Old Fish Song, The

DESCRIPTION: Humorous retelling of the Jonah myth. Jonah is ordered by God to preach repentance to Nineveh. Not wanting the job, he goes to sea. God raises a storm; the sailors throw Jonah overboard. He is swallowed by a whale. Children are warned to obey
AUTHOR: unknown
EARLIEST DATE: 1933 (field recording, Blind James Howard)
LONG DESCRIPTION: God sees that the people of Nineveh are wicked, and sends Jonah to preach to them. Jonah says he's a hard-shell Baptist and refuses to go, being against foreign missions. He gets on a ship, but God, angered, raises a storm and the sailors throw Jonah overboard, where he's swallowed by a whale. The whale has indigestion, and vomits Jonah back out; Jonah heads for Nineveh and preaches and prophesies until the population repents. The moral is that one should be obedient: "When you disobey mammy, remember this tale/When you run off from home, bud, look out for a whale/There's varmints to get you on sea and on land/And a boy can be swallowed lots easier than a man."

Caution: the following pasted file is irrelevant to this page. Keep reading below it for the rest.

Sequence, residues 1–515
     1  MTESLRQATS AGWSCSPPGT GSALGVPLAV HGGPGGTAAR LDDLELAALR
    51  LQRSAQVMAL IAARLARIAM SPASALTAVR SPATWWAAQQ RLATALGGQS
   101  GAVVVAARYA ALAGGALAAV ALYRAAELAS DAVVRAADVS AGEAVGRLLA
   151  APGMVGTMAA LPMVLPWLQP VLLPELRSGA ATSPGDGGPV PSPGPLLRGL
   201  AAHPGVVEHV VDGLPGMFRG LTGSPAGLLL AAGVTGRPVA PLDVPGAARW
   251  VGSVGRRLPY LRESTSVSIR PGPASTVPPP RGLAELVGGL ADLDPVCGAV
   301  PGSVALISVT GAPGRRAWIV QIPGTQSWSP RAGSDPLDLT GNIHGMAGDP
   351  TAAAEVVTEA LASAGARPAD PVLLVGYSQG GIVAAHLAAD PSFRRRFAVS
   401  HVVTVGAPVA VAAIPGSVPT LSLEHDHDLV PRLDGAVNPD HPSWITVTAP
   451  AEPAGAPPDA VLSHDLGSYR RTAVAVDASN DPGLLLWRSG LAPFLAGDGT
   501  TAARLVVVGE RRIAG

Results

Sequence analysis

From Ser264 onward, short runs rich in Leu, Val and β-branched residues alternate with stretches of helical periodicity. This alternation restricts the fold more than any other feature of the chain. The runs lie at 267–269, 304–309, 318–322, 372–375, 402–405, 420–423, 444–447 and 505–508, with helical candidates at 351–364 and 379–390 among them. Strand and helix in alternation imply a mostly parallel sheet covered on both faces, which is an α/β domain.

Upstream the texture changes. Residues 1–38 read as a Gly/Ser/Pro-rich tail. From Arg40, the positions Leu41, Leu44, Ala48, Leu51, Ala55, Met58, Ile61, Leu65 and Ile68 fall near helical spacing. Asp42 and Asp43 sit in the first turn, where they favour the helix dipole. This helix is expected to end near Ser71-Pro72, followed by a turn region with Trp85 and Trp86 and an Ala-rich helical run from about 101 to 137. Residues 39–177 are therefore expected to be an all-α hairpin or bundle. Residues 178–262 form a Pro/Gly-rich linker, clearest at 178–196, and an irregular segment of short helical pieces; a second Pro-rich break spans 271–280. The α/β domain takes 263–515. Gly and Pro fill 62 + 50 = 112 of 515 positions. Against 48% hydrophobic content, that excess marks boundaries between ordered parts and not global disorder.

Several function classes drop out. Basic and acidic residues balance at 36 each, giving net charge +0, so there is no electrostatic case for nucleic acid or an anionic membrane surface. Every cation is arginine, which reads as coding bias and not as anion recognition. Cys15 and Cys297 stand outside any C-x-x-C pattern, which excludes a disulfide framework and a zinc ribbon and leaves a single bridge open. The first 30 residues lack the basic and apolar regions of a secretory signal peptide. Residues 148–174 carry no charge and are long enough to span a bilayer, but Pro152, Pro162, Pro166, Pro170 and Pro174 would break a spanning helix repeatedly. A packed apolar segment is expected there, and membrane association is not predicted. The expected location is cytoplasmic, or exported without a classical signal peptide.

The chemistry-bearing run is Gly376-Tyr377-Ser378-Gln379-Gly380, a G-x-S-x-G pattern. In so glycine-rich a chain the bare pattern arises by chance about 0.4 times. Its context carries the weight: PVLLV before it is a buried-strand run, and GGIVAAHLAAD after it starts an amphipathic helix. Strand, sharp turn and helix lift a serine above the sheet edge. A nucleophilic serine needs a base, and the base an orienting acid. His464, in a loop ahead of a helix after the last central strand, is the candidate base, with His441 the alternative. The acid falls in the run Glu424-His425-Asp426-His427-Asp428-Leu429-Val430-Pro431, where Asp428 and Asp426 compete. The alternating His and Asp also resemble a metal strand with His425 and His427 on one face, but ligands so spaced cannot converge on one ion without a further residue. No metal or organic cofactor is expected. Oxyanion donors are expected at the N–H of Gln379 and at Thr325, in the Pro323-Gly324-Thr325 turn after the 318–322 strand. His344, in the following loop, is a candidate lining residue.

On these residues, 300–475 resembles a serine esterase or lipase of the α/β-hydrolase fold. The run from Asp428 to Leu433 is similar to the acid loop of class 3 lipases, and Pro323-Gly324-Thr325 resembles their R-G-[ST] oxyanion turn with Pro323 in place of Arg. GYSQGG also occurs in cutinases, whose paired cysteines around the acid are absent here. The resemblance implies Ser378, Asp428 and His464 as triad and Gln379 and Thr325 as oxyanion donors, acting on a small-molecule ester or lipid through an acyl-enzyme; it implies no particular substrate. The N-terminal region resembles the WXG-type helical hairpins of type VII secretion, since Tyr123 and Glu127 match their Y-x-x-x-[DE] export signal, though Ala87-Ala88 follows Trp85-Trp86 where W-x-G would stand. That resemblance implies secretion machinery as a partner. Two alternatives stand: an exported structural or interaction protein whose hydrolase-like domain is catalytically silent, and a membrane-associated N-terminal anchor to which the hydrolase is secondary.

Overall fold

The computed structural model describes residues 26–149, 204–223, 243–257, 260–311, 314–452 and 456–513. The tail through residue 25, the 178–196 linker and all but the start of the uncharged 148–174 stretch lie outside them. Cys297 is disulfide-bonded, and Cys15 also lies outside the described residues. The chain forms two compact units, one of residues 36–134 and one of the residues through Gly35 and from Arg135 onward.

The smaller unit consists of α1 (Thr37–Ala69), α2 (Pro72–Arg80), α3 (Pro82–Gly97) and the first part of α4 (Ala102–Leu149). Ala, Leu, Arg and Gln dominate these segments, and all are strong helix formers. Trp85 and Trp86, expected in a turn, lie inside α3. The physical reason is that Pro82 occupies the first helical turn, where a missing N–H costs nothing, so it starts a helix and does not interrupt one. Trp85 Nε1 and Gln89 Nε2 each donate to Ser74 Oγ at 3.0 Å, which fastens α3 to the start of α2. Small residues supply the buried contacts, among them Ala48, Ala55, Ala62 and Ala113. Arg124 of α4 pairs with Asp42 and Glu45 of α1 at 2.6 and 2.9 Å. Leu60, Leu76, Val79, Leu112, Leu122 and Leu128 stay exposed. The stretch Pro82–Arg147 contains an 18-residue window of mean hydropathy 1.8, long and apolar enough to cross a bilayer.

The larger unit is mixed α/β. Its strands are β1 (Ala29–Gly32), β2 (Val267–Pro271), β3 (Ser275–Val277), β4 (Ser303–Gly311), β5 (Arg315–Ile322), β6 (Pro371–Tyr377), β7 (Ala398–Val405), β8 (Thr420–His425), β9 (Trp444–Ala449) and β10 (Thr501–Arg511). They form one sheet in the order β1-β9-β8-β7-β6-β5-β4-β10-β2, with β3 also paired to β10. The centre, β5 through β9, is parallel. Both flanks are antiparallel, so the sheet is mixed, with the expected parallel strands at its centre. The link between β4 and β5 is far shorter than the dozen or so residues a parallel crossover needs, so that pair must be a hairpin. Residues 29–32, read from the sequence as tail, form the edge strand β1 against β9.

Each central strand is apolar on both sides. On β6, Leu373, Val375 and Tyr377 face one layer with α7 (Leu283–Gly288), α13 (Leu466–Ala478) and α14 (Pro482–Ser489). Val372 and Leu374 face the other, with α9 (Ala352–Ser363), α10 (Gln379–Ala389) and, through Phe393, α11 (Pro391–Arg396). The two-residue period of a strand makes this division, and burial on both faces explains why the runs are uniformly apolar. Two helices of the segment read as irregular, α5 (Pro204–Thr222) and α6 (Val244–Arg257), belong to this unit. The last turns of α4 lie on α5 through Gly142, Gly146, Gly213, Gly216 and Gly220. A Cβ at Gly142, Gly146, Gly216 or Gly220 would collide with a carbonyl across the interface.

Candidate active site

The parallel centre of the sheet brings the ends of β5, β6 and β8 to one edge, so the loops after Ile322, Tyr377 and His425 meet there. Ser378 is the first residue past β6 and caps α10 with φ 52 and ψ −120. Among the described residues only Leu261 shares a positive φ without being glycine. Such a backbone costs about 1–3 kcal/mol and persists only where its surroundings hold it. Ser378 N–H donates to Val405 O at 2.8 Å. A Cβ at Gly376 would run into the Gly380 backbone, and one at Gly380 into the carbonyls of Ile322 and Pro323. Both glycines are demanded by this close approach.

KEYWORDS: captivity travel prophecy Bible humorous religious whale gods
REFERENCES (3 citations):
Boette-SingaHipsyDoodle, pp. 148-149, "Jonah and the Whale" (1 text)
Cohen/Seeger/Wood-NewLostCityRamblersSongbook, p. 124-125, "The Old Fish Song" (1 text, 1 tune)

Roud #7522
Blind James Howard, "The Old Fish Song" (AFS 74A, 1933; on KMM)
New Lost City Ramblers, "The Old Fish Song" (on NLCR01, NLCRCD1)

NOTES [61 words]: This hilarious song almost certainly began its life as a printed "ballot." - PJS
Book of Jonah, ch. 1-3. In the Bible, of course, it's a great fish rather than a whale. - PJS
Interestingly, the story leaves out most of chapter 4 of Jonah, in which the repentance of Nineveh causes Jonah to get mad at God again. Perhaps it's the author who's the hard-shell Baptist. - RBW
File: CSW124

Go to the Ballad Search form
Go to the Ballad Index Song List

Go to the Ballad Index Instructions
Go to the Ballad Index Bibliography or Discography

The Ballad Index Copyright 2021 by Robert B. Waltz and David G. Engle.